My run in with Guillain-Barre Syndrome (1970)

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In late July of 1970- I was 4 and a half years old, I woke up in my room on Azalea Terrace and was having trouble moving my arms.
Mom took my sisters, Missy & Jeanne, and I to Devou Park that day to play. I fell a couple of times, and at dinner that night I got yelled at for dropping my fork repeatedly. They thought I was doing it on purpose. As a kid, I wasn’t really sure what was happening.

The next morning I couldn’t walk. I tried to get out of bed and couldn’t move my legs right. My mom said I complained of “having elephants on my arms.”
Within hours I was at Cincinnati Children’s Hospital in Ohio, diagnosed by the family pediatrician, Dr William Beckmeyer, with Guillain-Barre Syndrome- a virus that attacks the central nervous system. It basically starts at the base of the spine, and runs its course up and down the nervous system, causing total body paralysis in the worst case scenarios.

By 1pm on July 24th I had a tracheotomy and was on a ventilator- completely paralyzed. I had to be fed intravenously for weeks, after that I had a feeding tube directly into my stomach for even longer.

To this day I will smell just the right combination of food smells and it will remind of what the burps tasted like from the feeding tube food. Funny how you recall stuff like that huh? I mean I never actually tasted that food- it was kind of a brown-orange smoothie looking substance that I could watch going directly into my stomach… but then I would burp and get the after-taste. It wasn’t nasty or anything… just unique to be sure. And unforgettable.

So after being diagnosed (which I only vaguely recall) I do have one very specific memory just before everything went black for me.
We had made it to the emergency room doors, and the light was all yellow… we were in a covered area so it was dark with a lot of yellow parking-structure style lighting. I remember people talking rather urgently around me. They were yellow too. Then they took me into a room and gave me a spinal tap.

It didn’t really hurt the way I thought it should have. I mean I was a kid- so I didn’t really get what a spinal tap was… but I did figure out pretty quickly that it involved a big fucking needle being shoved into my back.

That was the last thing I remembered until some time later.
I recall flashes of hearing voices, smelling perfumes, hosptial smells- but it was all in darkness. I was in a coma but after a point, I became aware of things happening around me. Just…everything was black.

I was conscious inside… but my body was not allowing me to move, or even open my eyes.
It was terrifying at first, not being able to differentiate between dreaming and reality. If you’ve ever really listened to the lyrics in the song “One” by Metallica… you might get a sense of what it was like.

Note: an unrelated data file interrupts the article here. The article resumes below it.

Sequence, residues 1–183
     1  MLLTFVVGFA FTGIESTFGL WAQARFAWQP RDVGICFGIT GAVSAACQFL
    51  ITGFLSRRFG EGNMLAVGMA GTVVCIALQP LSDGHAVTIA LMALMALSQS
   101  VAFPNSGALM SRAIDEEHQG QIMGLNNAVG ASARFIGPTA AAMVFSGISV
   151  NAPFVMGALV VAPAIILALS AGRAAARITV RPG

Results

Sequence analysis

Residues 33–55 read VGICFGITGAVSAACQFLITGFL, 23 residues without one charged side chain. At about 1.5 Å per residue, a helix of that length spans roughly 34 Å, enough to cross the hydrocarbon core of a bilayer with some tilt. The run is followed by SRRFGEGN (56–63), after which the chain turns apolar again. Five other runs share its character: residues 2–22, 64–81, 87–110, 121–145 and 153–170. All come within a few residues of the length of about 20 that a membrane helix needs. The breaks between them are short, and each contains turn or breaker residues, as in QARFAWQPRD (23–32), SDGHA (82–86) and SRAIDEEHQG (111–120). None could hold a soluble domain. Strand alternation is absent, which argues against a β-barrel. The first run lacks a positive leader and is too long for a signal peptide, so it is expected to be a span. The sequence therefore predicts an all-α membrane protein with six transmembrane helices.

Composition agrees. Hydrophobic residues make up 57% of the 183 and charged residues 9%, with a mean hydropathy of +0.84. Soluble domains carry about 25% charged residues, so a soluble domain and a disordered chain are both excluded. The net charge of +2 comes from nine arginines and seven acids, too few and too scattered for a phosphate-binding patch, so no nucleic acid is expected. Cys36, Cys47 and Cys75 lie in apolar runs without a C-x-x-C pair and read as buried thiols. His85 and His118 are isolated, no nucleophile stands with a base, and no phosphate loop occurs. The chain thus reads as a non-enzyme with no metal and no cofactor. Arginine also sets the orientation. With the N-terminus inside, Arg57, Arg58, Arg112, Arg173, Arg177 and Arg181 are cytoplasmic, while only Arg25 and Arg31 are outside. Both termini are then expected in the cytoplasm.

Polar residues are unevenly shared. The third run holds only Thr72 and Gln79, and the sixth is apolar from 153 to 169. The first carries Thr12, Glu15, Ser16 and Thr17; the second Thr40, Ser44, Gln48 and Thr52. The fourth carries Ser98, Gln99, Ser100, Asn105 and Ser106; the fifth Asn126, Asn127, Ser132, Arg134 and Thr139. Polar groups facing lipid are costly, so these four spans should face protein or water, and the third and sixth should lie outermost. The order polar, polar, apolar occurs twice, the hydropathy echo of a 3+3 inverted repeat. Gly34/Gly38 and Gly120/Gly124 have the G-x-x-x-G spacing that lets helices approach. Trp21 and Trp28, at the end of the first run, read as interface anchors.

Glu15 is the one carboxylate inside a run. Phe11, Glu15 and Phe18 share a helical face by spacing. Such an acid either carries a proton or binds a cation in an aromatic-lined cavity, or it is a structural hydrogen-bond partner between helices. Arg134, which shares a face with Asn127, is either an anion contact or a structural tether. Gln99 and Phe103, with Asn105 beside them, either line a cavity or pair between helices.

I had no idea what was happening or when it would end. But the day did come, and this is the memory that I will carry with me always, the reason for this story really.
I don’t recall any details immediately around this event save for what I tell here.
I was awake- but still in darkness. I could hear people talking in the room with me, my mother most significantly. I couldn’t say who the others were… it always felt like family to me versus staff. Though some of those folks at Children’s Hospital were like family to me by the time I got out of there.
Anyway, I heard my mom speaking directly to me. “Come on Burr, if you hear me I want you to move your toes”.
“Burr” was her nickname for me. She actually wrote that nickname in my baby book just months after I was born. When I got older I asked her about it. “Why Burr?”
Her response, “Because a rose you ain’t.” And that is not a fabrication… she maintained that explanation her whole life.
Back to the story…
Over and over that day, she asked- “Can you hear me? Please Burr… move your toes if you can hear me.”
So I did. I still couldn’t open my eyes, but I guess I got enough movement out of my toes to get the whole room screaming and crying.
It remains one of the most intense memories I have of that period of my life. Everyone celebrating something as stupid as me being able to move a toe.
Soon after that I was able to move my head a little and eventually open my eyes.
I still had the tracheotomy. I have the tracheotomy scar in my neck to this day. After I was out of the coma, I remember having to use my thumb to cover the hole over the tube in my throat so that I could talk. I even managed to get out a “Happy Birthday” into a recorder for Missy’s birthday that September.
I had to learn everything again. How to walk, talk, draw- anything locomotive. I was in physical therapy for years after that. I also required speech therapy well into grade-school.
Fortunately, I had a mom who, being a nurse, knew the importance of PT… as painful as it was, and as much as I would fight going she dragged my ass in and we did the work. It’s why I walk today, of that I am certain.
There was a kid named Tommy T. (name withheld) in the bed next to mine at CCH, same diagnoses – same situation. Almost at the exact same time. He refused, absolutely REFUSED, to go to therapy.
We stayed in touch, well- our moms stayed in touch after we both left the hospital. He never walked again- remaining in a wheelchair until he died around 14 or 15 years old from complications due to Guillain-Barre.
As I write this- it will be the 50 Year Anniversary of this event in my life in just a few weeks.

I fell in love for the first time too- not with Tommy, haha. But with Nurse Connie. She was one of my main nurses throughout my months-long stay. I have exactly one photo of her. She was hawt!
Nurse Connie and one of the other night nurses, a guy who’s name I should remember, and probably have written somewhere, threw me a pizza party to celebrate my impending release.
My trach was out so I could finally eat food again.
We had pizza and “Cold Duck” – which was a really shitty, cheap wine at the time. I didn’t know the difference… they gave me regular grape juice and told me it was “Cold Duck”, which made for a great conversation the next day when I told my mom “Yeah we had pizza and Cold Duck!”, and Nurse Connie had to quickly explain it was just grape juice.
Curiously, Mom mentioned a party “last night for Brian” in one journal entry and that there were “cookies and lemonade”. No mention of the Cold Duck.